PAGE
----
By Jessie Forand/ECHO  Robert Fischer, Water Quality Superintendent for the South Burlington Water Quality Department, holds samples o...

Water Quality Day 2016

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By Jessie Forand/ECHO 

Robert Fischer, Water Quality Superintendent for the South Burlington Water Quality Department, holds samples of water taken before (right) and after entering the Airport Parkway treatment facility. (Photo: Jessie Forand/ECHO) 

As he walked local leaders through his facility, Bob Fischer, superintendent of the City of South Burlington Water Quality Department on Airport Parkway said, “This is the most expensive thing in town.”

Despite the fact water treatment is the greatest expense for a South Burlington resident, many have never visited the facility to really see what happens.

Fischer’s group tour was part of the Water Quality Day celebration Friday in Vermont, as declared by Governor Peter Shumlin earlier this year. A few dozen third graders were set to stop by later for an inside look.

The Airport Parkway Water Quality Facility in South Burlington was one of 10 facilities of its kind to lead tours.

Fischer offered information as they about a dozen tour-goers followed him through the expansive facility. For example, the water put out at Airport Parkway is in fact much cleaner than that of the Winooski River, which flows nearby.

“We are the boots-on-the-ground environmentalists,” Fischer said, a dedicated crew who takes clean water and the health of Vermont that stems from it very seriously.

Robert Fischer shows off bio solids created at the Airport Parkway Water Quality Facility.
(Photo: Jessie Forand/ECHO) 
While Fischer explained that water treatment is one of the most energy-intensive elements of any municipality, the South Burlington plant goes to great lengths to keep usage down.  While on the tour, the digester building was actually producing an incredible 40 kilowatts of energy.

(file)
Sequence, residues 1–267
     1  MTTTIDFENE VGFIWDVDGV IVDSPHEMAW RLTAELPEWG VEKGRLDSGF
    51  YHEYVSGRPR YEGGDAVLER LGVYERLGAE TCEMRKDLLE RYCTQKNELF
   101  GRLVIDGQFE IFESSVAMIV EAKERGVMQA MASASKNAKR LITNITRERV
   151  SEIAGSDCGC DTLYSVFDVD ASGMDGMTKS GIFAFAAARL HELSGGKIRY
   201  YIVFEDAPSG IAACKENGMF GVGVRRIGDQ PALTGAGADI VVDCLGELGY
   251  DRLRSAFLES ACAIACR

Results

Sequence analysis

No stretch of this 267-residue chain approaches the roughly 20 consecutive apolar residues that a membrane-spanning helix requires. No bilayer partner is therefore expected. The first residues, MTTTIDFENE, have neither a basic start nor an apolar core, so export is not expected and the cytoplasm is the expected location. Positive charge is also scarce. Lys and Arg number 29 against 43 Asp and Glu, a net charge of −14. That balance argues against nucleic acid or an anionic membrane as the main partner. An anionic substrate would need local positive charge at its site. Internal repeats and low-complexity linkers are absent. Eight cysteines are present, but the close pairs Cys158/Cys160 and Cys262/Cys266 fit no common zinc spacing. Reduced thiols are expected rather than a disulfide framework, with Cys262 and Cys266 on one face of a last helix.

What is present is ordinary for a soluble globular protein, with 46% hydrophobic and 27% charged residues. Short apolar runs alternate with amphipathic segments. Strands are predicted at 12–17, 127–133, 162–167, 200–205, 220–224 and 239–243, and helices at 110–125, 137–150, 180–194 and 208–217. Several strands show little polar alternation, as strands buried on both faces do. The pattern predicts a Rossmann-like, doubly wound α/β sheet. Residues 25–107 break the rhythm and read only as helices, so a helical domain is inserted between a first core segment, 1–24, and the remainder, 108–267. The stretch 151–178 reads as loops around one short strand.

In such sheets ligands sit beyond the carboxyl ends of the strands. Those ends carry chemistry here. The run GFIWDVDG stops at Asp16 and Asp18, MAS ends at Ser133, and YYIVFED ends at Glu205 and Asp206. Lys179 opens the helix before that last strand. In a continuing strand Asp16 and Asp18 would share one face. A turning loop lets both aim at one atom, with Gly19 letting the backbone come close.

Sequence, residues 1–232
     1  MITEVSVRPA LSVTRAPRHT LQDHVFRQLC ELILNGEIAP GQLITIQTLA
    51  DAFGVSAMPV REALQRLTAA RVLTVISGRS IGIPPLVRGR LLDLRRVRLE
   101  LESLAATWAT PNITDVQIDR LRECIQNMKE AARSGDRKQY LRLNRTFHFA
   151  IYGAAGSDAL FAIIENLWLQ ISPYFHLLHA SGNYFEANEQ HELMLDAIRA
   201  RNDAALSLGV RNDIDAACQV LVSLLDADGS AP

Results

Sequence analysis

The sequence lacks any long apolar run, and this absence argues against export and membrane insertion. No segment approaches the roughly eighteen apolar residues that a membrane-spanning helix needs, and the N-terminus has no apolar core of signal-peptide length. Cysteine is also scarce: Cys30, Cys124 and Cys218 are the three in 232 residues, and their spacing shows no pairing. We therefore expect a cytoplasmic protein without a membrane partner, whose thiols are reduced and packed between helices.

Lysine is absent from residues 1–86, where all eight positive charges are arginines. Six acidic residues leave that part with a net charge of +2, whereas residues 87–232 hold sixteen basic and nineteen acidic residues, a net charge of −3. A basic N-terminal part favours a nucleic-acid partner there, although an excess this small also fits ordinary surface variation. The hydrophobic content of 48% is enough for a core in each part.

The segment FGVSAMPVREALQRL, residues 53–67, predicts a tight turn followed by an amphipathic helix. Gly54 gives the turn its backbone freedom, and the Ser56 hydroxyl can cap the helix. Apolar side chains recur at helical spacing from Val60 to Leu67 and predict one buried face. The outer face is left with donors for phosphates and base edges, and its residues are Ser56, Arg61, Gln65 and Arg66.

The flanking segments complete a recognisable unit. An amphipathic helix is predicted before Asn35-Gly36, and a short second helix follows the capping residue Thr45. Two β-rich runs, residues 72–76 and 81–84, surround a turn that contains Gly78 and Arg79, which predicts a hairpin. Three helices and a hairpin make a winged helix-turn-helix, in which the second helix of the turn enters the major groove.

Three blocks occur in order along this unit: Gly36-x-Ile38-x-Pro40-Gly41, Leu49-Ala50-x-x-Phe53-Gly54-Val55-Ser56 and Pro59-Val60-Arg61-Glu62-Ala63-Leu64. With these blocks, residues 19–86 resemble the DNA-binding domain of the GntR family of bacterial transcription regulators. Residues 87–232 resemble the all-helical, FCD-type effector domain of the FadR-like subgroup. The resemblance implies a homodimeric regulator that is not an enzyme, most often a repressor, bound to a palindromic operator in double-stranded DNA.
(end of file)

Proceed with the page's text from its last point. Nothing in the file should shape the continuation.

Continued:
A methane-powered turbine and a $28 million upgrade in 2011 has helped significantly and the facility now spends less on its operating budget as a result. Class A bio solids are captured, meaning those materials can be used by local agriculture partners instead of ending up in the Coventry landfill.

As he walked through rooms containing “a lot of very expensive things,” Fischer explained 99.8 percent of materials flowing in to the plant are simply water – from showers, homes’ use, and so on.

Once the water has arrived, the solids are separated and bacteria, aerobic and anaerobic, goes to work in the live facility; it’s really an ecosystem in itself.

Fischer imparted some important lessons during his tour – included a tale of baby wipes that didn’t end well. Long story short… don’t do it. Ever. Baby wipes and other cleaning wipes are not intended to be flushed and doing so causes environmental problems and backups, plus could plug a house’s septic system and prove costly.

“When it doubt, toss it out,” he said.


Tours of the facility are available to the public. To learn more about what is happening in your community, contact Robert Fischer in South Burlington or your local water quality department.  

A plane flies overhead during a tour of the Airport Parkway Water Quality Facility in South Burlington Friday, May 27. (Photo: Jessie Forand/ECHO)



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